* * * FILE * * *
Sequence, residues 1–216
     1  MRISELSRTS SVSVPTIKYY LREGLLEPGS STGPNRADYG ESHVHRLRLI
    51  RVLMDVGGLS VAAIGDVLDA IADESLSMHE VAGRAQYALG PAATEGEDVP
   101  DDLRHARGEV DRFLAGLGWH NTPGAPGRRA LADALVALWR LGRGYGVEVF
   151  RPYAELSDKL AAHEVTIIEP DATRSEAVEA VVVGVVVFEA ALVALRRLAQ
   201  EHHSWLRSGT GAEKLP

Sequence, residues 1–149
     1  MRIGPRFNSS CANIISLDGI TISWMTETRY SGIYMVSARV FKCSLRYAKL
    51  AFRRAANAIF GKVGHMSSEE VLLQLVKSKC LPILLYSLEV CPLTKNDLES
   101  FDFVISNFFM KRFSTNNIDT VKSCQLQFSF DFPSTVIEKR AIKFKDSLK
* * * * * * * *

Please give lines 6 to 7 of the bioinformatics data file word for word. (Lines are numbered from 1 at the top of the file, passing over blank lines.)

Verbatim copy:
   201  EHHSWLRSGT GAEKLP

Sequence, residues 1–149